The Friendship Paradox


“There is an electricity about a friendship relationship.  We are both more relaxed and more sensitive, more creative and more reflective, more energetic and more casual, more excited and more serene.  It is as though when we come in contact with our friend we enter into a different environment.”              –Andrew M. Greeley


I am a different person when I am with my true friends.  I’m a person that surprises me with her honesty and ability to open up.  I’m someone who wants to be better to others, who is kinder and more genuine.  I’m happier and more alive, literally feeling more, seeing more, hearing more.  I’m the most vivid, authentic me that I know.  I’m challenged and pushed out of my comfort and complacency.  I’m a better person because of my friends.

Today I got to talk with a friend for a few minutes over the phone.  Lately I’ve avoided talking to people who used to know me because I’m not the person they knew.  I’m someone that I’m embarassed to be, settling for very little.  I sucked up my pride and caught up on life with a friend.  While I tried to deflect questions about my life and what I’ve been doing, because the answers are short and depressing, it was refreshing to just talk with her.  I’ve made some new friends at work that I’ve spent more and more time with lately, but there’s no comparison between new and old friends.  It’s fun and interesting and exciting to get to know a new friend, but there is a certain comfort and peace that comes from people who know your past, who’ve seen you change and grow.  She reminded me of who I used to be.  As we talked I felt my sense of humor come back, felt myself joke and talk like I did in college.  It took little more than a voice to bring me back to life a little bit.

Then I got to spend some time with another amazing friend who knows me better than almost anyone right now.  We talked about everything from books to boys to life ambitions to what we’re meant to add to this world.  I laughed and talked about things that I don’t tell many people about.  She listened to and, most importantly, understood me while I talked about my love of writing.  She encouraged me not to just find a new job, which my dad does, not to just be thankful that I have a job, which most people do, but to go after what I really love.  She could do this because she’s seen me at my lows, which have been pretty low lately.  She’s heard more than most because she asks more, she’s earned the trust to know more, and she uses that to push me.  She’s seen me at my best, at my happiest and most alive, and she helps me remember that part of me.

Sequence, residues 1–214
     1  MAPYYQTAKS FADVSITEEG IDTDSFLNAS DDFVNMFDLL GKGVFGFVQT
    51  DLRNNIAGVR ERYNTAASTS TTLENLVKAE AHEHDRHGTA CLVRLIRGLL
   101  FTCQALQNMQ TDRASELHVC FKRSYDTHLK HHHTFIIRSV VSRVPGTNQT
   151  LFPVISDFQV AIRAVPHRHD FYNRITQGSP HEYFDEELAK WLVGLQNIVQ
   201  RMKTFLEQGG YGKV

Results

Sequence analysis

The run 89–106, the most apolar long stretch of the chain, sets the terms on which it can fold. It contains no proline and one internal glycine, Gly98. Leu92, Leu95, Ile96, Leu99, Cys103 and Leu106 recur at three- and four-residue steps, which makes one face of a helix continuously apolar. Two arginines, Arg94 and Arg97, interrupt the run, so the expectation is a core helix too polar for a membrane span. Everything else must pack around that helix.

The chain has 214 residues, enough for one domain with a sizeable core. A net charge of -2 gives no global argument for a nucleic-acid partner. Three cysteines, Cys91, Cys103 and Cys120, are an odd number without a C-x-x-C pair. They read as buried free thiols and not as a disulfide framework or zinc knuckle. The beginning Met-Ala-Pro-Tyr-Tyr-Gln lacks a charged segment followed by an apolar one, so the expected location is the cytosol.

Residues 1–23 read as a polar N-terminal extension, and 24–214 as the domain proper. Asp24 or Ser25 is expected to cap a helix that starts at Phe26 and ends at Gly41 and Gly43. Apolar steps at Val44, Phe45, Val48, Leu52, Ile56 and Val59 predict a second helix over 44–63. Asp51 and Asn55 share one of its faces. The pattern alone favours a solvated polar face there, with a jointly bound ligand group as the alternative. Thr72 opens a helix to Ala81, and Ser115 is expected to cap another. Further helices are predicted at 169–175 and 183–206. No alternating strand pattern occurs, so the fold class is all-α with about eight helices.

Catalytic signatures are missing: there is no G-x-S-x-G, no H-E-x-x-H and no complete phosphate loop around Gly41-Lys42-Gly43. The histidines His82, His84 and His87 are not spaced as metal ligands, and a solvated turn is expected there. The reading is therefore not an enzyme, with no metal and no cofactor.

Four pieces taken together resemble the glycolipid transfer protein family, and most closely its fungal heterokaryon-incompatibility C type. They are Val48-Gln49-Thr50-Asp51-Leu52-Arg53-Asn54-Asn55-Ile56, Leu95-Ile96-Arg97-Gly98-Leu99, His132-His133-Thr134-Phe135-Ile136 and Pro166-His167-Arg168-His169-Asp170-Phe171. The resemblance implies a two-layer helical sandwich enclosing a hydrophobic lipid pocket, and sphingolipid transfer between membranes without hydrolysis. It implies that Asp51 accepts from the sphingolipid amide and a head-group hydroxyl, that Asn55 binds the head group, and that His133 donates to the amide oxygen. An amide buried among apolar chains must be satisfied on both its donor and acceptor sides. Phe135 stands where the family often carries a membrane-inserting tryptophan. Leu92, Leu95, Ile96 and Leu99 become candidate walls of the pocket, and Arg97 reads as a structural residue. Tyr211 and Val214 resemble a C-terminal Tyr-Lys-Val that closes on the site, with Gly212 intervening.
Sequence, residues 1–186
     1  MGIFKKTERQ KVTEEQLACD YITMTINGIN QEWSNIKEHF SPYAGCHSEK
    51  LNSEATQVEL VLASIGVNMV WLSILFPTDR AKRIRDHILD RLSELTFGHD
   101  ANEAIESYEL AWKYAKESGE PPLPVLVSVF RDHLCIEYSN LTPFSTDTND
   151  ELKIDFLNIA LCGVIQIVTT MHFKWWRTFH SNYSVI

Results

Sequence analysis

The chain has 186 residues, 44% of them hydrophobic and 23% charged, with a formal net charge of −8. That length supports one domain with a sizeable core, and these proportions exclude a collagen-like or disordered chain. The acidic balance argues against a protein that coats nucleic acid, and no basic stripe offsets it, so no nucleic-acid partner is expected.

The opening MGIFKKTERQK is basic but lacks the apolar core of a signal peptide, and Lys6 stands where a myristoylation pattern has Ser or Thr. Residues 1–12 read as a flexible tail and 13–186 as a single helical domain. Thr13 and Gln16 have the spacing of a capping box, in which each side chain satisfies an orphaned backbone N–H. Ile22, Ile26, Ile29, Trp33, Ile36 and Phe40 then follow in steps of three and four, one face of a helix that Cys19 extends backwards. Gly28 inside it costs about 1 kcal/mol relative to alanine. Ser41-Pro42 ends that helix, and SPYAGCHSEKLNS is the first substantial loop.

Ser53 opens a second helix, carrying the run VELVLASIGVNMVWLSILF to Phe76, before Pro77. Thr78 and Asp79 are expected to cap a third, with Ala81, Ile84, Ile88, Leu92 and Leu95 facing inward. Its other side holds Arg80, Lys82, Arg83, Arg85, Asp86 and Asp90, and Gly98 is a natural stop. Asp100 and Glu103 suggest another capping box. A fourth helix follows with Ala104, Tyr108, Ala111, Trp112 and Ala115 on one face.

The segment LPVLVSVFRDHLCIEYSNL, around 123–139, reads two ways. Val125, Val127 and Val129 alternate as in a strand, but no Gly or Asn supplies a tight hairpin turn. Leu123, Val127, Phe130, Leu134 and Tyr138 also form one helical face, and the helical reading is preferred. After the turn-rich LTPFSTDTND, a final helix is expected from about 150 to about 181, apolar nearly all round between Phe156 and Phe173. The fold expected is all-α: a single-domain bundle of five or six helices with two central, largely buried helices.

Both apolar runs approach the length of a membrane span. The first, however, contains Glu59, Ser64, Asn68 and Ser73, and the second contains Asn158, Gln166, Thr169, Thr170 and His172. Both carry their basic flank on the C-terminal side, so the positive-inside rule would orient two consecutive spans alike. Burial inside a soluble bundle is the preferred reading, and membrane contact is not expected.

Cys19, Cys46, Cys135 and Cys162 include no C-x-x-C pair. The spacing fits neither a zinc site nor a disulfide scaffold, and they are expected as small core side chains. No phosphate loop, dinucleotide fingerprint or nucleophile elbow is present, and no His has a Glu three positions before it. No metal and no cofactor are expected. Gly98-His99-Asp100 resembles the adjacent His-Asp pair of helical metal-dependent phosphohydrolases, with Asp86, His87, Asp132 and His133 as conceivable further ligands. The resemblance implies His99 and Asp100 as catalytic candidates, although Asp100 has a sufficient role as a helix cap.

I love this quote about friendship because it captures how I feel when I’m with the people who know me.  It’s a paradox of being the most calming and exciting thing.   They give me rest and comfort but they push and challenge me.  They know who I was and am and they allow and encourage me to grow and change.   Right now they also uplift me and bring me down; they encourage me and leave me discouraged.  I’m reminded of who I was, make me happy and joyful.  However, they remind me of who I was and who I now am.  It’s hard to remember how happy I was, how genuinely alive I used to be.  I was active and giving and now I hide whenever possible.  But the fact that I remember that me, that I still feel like her from time to time (thanks to my friends) brings me hope.  It shows me that, while I’m down and struggling now, it’s not all there is.  There’s still affection and laughter and encouragement– I can still be who I enjoy being.  I still have my friends.


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